Saratoga Shoe Depot at 385 Broadway, a downtown staple since 1976, will close its doors for good Dec. 31. It was sold at auction earlier this month. (ERICA MILLER file photo/emiller@saratogian.com)


SARATOGA SPRINGS — Saratoga Shoe Depot, a downtown business staple since 1976, will close its doors for good Dec. 31.

The announcement comes just weeks after the store at 385 Broadway was sold at auction to Tom Newkirk, owner of Saratoga National Golf Course, for $2 million.

Saratoga Shoe Depot and another Broadway property — a mixed-use building on the corner of Spring Street and Broadway — were originally slated for foreclosure in May, but former owner Frank Panza filed for Chapter 11 bankruptcy to hold off auctioneers.

Unable to sell the properties, Panza lost the buildings Dec. 2, when they sold at auction for a combined $3 million.

“It’s bittersweet,” Panza said Saturday, “but I’m a firm believer that life is going to take you in a direction and you have the option to be happy or to be sad, and I’m not walking away sad.”

Looking ahead, Panza said he has no specific plans to reopen the Shoe Depot elsewhere and for now is focusing on taking it slow with his wife, Jennifer L. Flynn, while recuperating from the financial and emotional losses.

“We’re not going to relocate, at least right now, but we’re leaving it open because we don’t know the possibilities yet,” he said. “We will definitely do something, I’m just not sure where it will be.”

While Panza plans his next step, the property’s new owner, Newkirk, has apparently reached an agreement with another retail tenant — Frivolous Gal — that will move into the space next year.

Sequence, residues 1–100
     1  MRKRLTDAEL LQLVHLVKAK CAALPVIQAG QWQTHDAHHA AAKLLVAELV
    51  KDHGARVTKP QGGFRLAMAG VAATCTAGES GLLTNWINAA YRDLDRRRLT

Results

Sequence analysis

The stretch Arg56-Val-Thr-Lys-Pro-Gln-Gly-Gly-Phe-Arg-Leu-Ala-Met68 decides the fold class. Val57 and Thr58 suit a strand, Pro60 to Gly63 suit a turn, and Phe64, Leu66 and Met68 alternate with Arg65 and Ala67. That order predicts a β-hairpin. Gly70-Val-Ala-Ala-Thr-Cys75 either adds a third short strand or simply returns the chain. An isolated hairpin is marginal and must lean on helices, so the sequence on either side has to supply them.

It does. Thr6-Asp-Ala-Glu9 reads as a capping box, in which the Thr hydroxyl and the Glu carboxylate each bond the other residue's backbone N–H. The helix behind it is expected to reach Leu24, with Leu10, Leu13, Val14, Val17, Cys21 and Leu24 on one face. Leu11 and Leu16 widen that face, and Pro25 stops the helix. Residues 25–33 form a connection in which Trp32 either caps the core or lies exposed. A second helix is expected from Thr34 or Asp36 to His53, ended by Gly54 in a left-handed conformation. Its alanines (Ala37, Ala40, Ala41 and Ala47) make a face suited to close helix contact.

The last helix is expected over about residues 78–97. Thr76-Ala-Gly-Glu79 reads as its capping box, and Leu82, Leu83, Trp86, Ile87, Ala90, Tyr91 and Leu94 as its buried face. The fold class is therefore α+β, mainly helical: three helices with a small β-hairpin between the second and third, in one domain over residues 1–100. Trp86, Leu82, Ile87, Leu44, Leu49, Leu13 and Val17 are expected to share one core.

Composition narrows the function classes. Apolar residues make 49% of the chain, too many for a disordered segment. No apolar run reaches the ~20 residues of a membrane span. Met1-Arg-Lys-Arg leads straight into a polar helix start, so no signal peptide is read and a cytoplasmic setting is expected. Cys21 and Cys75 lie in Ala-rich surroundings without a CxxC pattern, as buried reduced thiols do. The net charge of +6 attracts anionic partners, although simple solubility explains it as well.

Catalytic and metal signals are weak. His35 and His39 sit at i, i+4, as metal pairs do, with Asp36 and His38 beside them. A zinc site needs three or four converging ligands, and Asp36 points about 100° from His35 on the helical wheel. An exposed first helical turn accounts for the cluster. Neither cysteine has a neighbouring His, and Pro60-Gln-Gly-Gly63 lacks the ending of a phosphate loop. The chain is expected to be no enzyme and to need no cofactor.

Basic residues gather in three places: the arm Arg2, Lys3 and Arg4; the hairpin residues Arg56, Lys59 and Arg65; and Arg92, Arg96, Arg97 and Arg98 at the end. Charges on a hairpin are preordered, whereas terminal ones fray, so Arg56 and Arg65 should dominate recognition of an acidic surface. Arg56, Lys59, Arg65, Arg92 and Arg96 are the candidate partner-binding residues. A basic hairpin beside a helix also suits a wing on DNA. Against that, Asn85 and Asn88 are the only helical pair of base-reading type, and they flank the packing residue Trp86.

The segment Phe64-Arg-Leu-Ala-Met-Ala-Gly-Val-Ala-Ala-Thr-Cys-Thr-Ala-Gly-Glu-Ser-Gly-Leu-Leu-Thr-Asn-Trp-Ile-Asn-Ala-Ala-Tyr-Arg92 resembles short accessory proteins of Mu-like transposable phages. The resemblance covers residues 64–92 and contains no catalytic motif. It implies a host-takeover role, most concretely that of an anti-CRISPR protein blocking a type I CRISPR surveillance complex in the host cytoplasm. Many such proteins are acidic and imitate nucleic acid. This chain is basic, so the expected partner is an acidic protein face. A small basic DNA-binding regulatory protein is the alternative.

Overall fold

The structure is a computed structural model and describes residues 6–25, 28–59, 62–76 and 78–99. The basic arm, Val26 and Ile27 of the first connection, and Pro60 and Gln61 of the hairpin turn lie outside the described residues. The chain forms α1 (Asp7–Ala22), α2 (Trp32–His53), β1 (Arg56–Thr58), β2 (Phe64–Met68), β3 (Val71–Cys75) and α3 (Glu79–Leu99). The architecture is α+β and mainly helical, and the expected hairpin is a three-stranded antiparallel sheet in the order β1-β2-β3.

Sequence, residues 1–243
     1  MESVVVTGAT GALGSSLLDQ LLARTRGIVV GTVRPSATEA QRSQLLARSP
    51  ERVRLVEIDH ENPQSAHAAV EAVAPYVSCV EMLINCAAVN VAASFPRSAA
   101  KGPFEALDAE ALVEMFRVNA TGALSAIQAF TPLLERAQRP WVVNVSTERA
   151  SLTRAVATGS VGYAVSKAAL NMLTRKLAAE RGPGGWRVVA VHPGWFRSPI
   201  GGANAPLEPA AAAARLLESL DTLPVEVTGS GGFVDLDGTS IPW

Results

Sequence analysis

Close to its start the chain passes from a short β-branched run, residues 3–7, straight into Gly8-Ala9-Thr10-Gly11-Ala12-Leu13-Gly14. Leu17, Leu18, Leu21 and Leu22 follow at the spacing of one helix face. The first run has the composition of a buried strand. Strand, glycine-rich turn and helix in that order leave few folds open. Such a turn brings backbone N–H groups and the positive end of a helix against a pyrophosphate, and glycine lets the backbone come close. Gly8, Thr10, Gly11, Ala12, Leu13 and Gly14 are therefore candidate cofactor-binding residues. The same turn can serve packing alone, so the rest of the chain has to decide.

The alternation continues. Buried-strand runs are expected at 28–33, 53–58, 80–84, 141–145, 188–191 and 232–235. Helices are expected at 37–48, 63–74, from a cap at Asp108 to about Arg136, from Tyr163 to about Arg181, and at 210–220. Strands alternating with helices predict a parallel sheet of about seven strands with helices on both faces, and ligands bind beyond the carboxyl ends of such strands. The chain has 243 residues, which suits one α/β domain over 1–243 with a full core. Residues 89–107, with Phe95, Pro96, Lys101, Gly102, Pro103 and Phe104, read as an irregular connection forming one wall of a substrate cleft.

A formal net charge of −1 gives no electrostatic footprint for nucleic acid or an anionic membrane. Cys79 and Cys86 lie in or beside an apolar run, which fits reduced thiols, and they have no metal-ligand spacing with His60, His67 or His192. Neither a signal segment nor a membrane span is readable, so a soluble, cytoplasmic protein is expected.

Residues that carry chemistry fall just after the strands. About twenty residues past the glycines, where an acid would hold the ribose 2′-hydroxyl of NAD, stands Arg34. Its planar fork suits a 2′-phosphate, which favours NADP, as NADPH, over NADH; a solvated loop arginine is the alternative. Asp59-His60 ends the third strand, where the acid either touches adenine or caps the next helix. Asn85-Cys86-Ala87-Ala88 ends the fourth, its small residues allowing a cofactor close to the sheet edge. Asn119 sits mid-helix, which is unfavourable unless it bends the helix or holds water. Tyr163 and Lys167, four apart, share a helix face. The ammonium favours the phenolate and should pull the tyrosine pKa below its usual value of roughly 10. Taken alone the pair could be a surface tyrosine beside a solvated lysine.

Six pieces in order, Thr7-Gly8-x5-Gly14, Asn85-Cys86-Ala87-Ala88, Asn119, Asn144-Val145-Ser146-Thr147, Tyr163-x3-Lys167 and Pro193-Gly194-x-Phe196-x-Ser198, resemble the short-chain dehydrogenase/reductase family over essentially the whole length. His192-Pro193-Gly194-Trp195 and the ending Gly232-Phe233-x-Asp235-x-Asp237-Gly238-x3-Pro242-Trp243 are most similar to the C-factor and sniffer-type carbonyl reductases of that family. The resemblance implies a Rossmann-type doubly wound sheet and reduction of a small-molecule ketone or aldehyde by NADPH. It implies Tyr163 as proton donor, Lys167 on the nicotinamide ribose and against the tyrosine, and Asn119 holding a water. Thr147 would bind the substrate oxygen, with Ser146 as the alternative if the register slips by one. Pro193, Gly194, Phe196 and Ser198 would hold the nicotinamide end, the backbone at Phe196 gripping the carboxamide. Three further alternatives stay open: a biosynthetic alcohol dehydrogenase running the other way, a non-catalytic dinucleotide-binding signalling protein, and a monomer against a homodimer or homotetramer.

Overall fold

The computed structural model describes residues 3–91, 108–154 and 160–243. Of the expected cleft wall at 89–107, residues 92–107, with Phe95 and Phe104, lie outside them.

Although the owner of Frivolous Gal, a boutique currently located at 18 Division St., was unavailable Saturday evening, an employee confirmed the business would be moving to Broadway, opening some time next spring.

Roughly 10 employees will be out of a job when Saratoga Shoe Depot, which has been in business for more than 35 years, closes its doors at the end of the month.


Longtime employees and customers were the first to be notified of the closing in an email from Panza sent earlier this week.

“My family and I want to say thank you for the way you have treated us,” the message said. “Some folks say retail is a tough racket, and I would tend to agree. It also seems appropriate to mention that 35 years ago I could not imagine how wealthy our hearts would become from something as simple as serving you. From its now deeper bottom we can say Bless You.”

The email also announced a liquidation sale that will feature price cuts on everything in the store.

All jewelry, clothing, footwear, accessories, gifts, toys, furniture (antiques included) will be 20 percent off through Monday; 30 percent off Dec. 19 through 21; 40 percent off Dec. 22 through 24; 50 percent off Dec. 26 through 27; and 60 percent off Dec. 28 through 30.